In our recentposts about Hurricane Sandy, we analyzed the impacts of the super storm on Internet connectivity in the northeastern US.
However, in addition to knocking out power and Internet connectivity in a significant part of the New York metropolitan area, Sandy also had a surprising impact on the world’s Internet traffic, traffic that neither originated from nor was destined to areas affected by the storm.
From locations around the globe as varied as Chile, Sweden and India,
some Internet traffic was forced onto alternate paths to avoid failures at critical transit points in the NYC area.
We’ll take a look at some examples in what follows.
Survivability And Resilience of the Internet
The Internet was originally designed for survivability and resilience in the event of the loss of a critical node,
utilizing such technologies as packet switching and dynamic routing.
While we certainly cannot avoid outages at the edges of the Internet
(e.g., individual data centers), the Internet as a whole is a highly survivable system.
Our earlier blogs on Sandy focused on outages at such Internet endpoints,
such as those hosting webservers, residential networks or smartphone users.
Here we look at what happens when a piece of the Internet’s core disappears and routers and their operators must react in order to keep traffic flowing.
Examples of Survivability and Resilience
In our initial blog about the impacts of Hurricane Sandy, we stated that:
As a result of outages [in New York City], we’ve observed Internet traffic shift away from the city as carriers scramble for alternative paths.
We provide a few clear examples of this phenomenon below. In each of the examples, a large provider shifted traffic away from its New York City infrastructure as the storm was battering the city. Also, in each example, Internet traffic continued to flow through the affected provider.
Thus, these fail-overs occur internal to each provider’s network and hence, are not visible in global routing data.
But we are able to observe these changes using active measurements in the form of traceroutes.
Our examples should be viewed as evidence of well-engineered networks continuing to successfully carry traffic as critical equipment temporarily went offline.
In the following graphics, each dot represents the latency (y-axis) of a traceroute measurement over time (x-axis). We have colored each dot based on which major cities the measurement traversed — specifically when they crossed through New York City and when they went via an alternative path.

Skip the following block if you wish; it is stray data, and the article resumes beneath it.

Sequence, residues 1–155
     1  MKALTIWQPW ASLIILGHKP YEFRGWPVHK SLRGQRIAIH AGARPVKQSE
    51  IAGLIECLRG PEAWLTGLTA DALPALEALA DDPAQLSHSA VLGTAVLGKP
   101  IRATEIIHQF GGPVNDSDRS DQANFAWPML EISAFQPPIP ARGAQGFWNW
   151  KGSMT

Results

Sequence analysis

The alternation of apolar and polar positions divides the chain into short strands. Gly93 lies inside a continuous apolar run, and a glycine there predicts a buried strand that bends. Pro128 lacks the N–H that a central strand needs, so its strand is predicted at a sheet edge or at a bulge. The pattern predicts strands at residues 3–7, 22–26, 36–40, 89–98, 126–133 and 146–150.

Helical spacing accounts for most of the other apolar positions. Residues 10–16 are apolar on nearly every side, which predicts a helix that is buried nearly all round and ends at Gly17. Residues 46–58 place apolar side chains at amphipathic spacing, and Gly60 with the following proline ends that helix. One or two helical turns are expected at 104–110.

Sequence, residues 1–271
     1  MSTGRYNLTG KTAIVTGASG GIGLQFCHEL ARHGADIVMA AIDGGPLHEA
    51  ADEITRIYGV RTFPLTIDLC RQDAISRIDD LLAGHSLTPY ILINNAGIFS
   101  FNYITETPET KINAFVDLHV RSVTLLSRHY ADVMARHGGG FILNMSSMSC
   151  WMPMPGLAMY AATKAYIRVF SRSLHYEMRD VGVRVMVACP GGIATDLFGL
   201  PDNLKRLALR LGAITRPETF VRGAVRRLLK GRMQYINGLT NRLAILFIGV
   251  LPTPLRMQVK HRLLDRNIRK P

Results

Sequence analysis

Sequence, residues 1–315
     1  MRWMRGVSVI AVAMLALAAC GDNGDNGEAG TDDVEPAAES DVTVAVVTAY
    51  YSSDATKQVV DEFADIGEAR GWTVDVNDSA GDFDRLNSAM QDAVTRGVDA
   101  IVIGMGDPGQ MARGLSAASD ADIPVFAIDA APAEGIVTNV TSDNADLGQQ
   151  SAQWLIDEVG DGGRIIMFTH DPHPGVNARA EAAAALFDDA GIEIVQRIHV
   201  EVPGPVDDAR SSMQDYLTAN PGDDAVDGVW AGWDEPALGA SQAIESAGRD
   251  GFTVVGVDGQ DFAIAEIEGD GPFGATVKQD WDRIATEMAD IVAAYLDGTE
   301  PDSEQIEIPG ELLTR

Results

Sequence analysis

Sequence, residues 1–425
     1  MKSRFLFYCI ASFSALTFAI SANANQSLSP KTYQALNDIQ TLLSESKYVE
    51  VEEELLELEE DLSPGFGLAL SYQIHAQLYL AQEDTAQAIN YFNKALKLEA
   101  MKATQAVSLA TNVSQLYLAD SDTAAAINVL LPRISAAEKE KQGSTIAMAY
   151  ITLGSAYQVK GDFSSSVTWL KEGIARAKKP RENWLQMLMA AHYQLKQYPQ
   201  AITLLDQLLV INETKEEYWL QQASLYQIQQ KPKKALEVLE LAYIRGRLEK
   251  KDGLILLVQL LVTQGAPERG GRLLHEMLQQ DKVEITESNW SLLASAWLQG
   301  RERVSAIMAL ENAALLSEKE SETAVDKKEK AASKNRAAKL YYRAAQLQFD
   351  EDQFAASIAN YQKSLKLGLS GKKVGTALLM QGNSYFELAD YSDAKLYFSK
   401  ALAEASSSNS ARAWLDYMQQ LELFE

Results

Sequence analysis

Level 3 (AS 3356)
The graphic on the right illustrates the shift in traffic heading from Chicago over Level 3′s backbone to networks in Europe. Just before midnight UTC on October 30th, or in the early evening last Monday in New York City, we see traffic stop traversing Level 3′s New York City-to-London hop and instead get folded into the ongoing traffic flowing across their Washington, DC-to-Paris hop.
Despite the temporary loss of Level 3′s New York City infrastructure, international Internet traffic continued to flow through the provider with roughly the same latencies.
Verizon (AS 701/AS 702)
For Internet traffic carried by Verizon heading to and through the United States from Europe, we also can observe traffic avoiding the stricken New York City area. In this example, traffic from London heading west switched briefly to Washington DC. The traffic shift resulted in a very minor change in the distribution of overall latencies and was likely imperceptible to the end users.
Tata (AS 6453)
In this example, Tata’s backbone network rerouted traffic bound for India from the east coast to the west coast of the US. This resulted in a small latency penalty,
which lasted only a couple of hours before traffic was again flowing through New York City.
Hurricane Electric (AS 6939)
The graphic on the right shows the distribution of latencies on Internet traffic originating from Stockholm, Sweden and traversing Hurricane Electric. Dots in the lower band primarily represent latency measurements to networks in North America, while those in the upper band depict networks in East Asia. You can think of the space between the bands as the Pacific Ocean. The Paris-to-Ashburn link took over as the London-to-New York City link dropped away. Latencies experienced a marginal increase, but traffic continued to flow and returned to normal after almost 24 hours.
NTT (AS 2914)
The graphic on the right illustrates latencies from Santiago, Chile to destinations around the world, as traffic traveled across NTT’s backbone network through New York City. Normally this traffic goes across a primary New York City-to-London link.
However, just after midnight UTC on Oct 30th (or 8pm Eastern Standard Time), this
link disappeared from our observations. It was primarily replaced with an Ashburn, VA-to-Frankfurt link and supplemented by a new and different New York City-to-London link. Of course, there is no direct cable from Ashburn-to-Frankfurt, but any intermediate hops are not visible in traceroutes. Nonetheless, similar to other Internet service providers, traffic clearly shifted away from New York City during the worst part of the storm.
In each of these examples, the automatic fail-overs that kept international Internet traffic flowing seamlessly was due entirely to excellent engineering, provisioning and configuration on the part of these providers.
So even with the loss of a core hub as critical as New York City, the continued flow of Internet traffic is a testament to the skill and hard work of the network engineers at these and other Internet providers.
Congratulations on a job well done!
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